Here's why the tech industry doesn't need more female software engineers

Dominico Zapata/ Stuff

Claudia Hill, owner of web software design business Room9, talks about women in IT and the opportunities available to them.

OPINION: I feel quite strongly that people should stop trying to get women into coding and software engineering.

I am a woman who has been immersed in the tech sector for almost two decades.

I have gone from a software engineer to running my own software development company.

I am also a working mother of three kids.

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However, I have to agree with much of the sentiment in a memo from a Google executive which hit the headlines this week, and incited outrage in the US and around the world.

"For women, there are many opportunities in ICT, but is software engineering the right path for them?" asks Claudia Hill.
DOMINICO ZAPATA/STUFF

"For women, there are many opportunities in ICT, but is software engineering the right path for them?" asks Claudia Hill.

Titled Google's Ideological Echo Chamber, it argued that women are under-represented in the tech industry not because they face discrimination in the workplace, but because of inherent psychological differences between the genders.

In many ways, I agree.

As a woman in tech I am not taking this stance lightly, but I believe the enormous effort put into recruiting females into software engineering is a waste of time.

In my opinion it feels very much like 'box checking' and on the whole, it's a fundamentally flawed approach. It also assumes the following: that women want to be software engineers. Here is an inconvenient truth: a lot of them actually don't! How about instead we focus on roles that women are better at – nurturing talent, managing people and communication – that includes senior management and leadership roles in the tech sector.

I do not believe that women are, in general, discriminated against in the tech industry in New Zealand.

I believe the opposite is the case. Everyone I know working in tech would love to add more female software engineers to their team. From school to the job market, the doors are wide open and welcoming for any woman software engineer, and yet we have few takers.

We need to change our tune and encourage females to play to their strengths, says Hill.
Claudia Hill

We need to change our tune and encourage females to play to their strengths, says Hill.

We have to ask ourselves, why? Of course, I've seen females who are outstanding software engineers, who outshine many of the men around them. But in my experience, they are very much in the minority. It might not be politically correct, but I believe there is some truth to gender differences and how that manifests into the workplace and more specifically in the Information and Communications technology (ICT) sector.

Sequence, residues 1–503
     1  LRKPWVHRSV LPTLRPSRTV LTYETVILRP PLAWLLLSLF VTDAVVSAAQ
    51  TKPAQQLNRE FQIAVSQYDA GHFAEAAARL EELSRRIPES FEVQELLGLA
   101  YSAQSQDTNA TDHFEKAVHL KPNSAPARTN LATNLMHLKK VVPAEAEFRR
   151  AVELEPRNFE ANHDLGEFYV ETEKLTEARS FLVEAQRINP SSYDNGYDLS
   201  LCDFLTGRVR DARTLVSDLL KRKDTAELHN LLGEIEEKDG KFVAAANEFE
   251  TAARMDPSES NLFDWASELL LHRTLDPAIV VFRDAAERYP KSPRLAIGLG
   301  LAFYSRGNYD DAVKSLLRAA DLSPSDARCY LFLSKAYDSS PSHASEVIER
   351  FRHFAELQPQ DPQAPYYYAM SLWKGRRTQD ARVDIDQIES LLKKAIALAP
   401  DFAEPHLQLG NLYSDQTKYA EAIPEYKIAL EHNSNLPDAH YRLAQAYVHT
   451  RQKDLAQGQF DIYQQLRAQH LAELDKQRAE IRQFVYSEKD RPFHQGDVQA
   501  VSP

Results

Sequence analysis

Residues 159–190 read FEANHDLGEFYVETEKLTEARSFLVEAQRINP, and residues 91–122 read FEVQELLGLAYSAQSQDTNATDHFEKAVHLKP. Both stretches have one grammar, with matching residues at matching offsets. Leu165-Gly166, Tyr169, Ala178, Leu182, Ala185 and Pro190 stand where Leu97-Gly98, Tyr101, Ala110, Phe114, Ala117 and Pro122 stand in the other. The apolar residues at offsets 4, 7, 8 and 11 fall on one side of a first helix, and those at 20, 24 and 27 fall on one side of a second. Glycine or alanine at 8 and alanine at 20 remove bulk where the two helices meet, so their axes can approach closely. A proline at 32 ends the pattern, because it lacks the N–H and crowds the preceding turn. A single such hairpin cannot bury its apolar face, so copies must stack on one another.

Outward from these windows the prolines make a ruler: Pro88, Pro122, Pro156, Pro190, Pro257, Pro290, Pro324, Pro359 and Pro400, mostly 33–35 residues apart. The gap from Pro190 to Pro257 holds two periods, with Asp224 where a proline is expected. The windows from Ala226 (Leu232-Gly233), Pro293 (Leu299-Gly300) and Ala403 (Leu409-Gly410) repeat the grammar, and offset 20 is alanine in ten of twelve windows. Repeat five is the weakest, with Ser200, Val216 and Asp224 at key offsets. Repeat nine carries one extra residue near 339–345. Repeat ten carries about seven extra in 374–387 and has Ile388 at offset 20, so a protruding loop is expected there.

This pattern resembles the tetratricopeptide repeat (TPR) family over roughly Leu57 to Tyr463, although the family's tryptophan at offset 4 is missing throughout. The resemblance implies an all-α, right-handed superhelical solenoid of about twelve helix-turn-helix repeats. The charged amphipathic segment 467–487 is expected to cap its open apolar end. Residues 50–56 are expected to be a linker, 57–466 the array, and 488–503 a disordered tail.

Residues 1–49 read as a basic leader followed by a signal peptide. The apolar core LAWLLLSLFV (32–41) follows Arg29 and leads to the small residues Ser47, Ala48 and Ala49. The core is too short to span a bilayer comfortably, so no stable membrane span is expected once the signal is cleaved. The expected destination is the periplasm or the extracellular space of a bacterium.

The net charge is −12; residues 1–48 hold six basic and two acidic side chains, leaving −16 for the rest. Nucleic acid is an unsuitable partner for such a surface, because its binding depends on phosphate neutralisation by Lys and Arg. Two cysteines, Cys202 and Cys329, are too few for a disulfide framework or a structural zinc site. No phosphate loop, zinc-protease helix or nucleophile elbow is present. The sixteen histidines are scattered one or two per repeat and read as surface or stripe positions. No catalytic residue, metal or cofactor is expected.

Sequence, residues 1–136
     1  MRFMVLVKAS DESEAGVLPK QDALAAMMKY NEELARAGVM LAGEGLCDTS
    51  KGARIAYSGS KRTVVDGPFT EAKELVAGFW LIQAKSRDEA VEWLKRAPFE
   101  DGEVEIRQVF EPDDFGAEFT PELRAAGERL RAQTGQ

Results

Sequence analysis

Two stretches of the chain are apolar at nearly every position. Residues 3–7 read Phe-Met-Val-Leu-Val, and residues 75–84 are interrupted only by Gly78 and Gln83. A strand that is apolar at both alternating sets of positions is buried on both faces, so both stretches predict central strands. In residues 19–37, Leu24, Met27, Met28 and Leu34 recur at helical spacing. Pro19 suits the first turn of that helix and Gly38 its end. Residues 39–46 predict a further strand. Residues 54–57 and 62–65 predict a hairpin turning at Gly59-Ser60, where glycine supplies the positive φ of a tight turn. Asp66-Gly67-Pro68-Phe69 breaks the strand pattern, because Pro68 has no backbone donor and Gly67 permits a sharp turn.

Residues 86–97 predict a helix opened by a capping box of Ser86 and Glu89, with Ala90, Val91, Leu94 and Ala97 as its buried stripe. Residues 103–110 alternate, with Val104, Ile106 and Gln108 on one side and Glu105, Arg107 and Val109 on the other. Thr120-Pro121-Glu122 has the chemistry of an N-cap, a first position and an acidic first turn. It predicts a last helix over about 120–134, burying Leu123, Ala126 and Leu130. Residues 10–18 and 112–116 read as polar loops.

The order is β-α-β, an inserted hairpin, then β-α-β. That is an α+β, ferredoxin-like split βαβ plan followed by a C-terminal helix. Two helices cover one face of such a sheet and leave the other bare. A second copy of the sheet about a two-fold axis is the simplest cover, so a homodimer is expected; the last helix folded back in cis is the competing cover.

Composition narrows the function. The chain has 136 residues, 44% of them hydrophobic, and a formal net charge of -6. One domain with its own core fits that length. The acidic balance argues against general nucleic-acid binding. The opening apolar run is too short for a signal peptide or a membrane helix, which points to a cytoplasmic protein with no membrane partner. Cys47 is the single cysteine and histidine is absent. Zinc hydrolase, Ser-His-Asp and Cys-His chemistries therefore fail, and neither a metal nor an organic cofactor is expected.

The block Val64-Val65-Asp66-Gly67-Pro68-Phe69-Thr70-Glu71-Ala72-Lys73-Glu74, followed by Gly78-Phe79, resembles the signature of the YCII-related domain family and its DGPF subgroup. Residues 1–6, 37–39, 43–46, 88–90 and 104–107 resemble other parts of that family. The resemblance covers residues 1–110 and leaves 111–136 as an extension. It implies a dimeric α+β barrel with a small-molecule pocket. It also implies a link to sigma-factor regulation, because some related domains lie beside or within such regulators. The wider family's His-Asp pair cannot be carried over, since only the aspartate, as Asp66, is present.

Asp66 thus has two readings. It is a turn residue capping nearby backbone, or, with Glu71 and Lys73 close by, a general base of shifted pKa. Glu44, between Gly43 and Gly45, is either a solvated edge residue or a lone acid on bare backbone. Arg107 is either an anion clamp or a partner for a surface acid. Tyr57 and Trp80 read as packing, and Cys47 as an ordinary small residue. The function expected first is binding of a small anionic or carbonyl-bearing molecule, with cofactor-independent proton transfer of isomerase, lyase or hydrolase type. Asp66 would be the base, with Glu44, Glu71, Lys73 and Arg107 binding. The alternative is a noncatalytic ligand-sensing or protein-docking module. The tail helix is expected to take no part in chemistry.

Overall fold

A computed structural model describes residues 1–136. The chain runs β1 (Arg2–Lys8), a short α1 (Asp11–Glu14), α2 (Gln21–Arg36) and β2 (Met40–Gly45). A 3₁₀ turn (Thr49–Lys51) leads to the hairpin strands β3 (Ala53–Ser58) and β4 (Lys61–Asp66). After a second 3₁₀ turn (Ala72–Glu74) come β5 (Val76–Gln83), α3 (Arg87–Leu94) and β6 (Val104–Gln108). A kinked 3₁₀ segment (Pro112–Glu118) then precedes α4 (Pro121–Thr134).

In 2012 a major study, The Distance between Mars and Venus: Measuring Global Sex Differences in Personality, was published in the journal Public Library of Science. It surveyed 10,000 people on characteristics of males and females, and the results showed that there are significant differences between the genders. 

The study showed that the largest differences between the sexes were in regards to sensitivity, warmth and apprehension (which were higher in women) and emotional stability, dominance, rule consciousness and vigilance (which were higher in men).

Based on the findings of this study and my 17-year long experience in the industry I believe women are generally not as suited for software engineering roles as men are, but their inherent gender-based attributes mean they may be more suited to leadership roles in ICT – and these are skills we need in the industry.

I feel strongly that trying to figure out our strengths and working towards a career path which builds on them will lead to an enjoyable and fruitful work life, for both genders. Most of us within the tech sector will acknowledge it is an industry notorious for being nerdy and stiff, and where communication and people-management is often a struggle.

With millennials entering the workforce now, we need people in tech who can create a warm, welcoming culture of collaboration, foster personal growth and closely-knit teams. Women are inherently good at this. Information and communications technology is a major sector in New Zealand, with about 75,000 people employed in ICT roles (and growing!).

ICT contributed more than $30 million to the country's GDP in 2014.

The top three highest-paying jobs advertised on Trade Me in 2017 were tech related and all with a median salary of over $100,000.

For women, there are many opportunities in ICT, but is software engineering the right path for them?

Could showing women a pathway to those highly paid leadership roles in tech – which are less about the engineering and more about people, culture and communication – be the thing that will put them on-par (or beyond) with men with regards to pay and job satisfaction?

I hope that people do not misunderstand my comments or find them hurtful or dispiriting.

I am a big believer that there is a great place for females in tech and I hope to see more females entering the industry, but we need to change our tune and encourage females to play to their strengths. Some women will make great software engineers, and we should encourage these individuals to grow their careers in this space.

But at the same time, I believe we should accept that males and females are, on average, different, and may excel at different roles in the sector.

Claudia Hill is the managing director and owner of Room9, a Hamilton based web software design, development and maintenance company. She is also a foundation board member of CultivateIT, a Waikato Cluster dedicated to furthering the region's burgeoning tech industry. 

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 - Stuff

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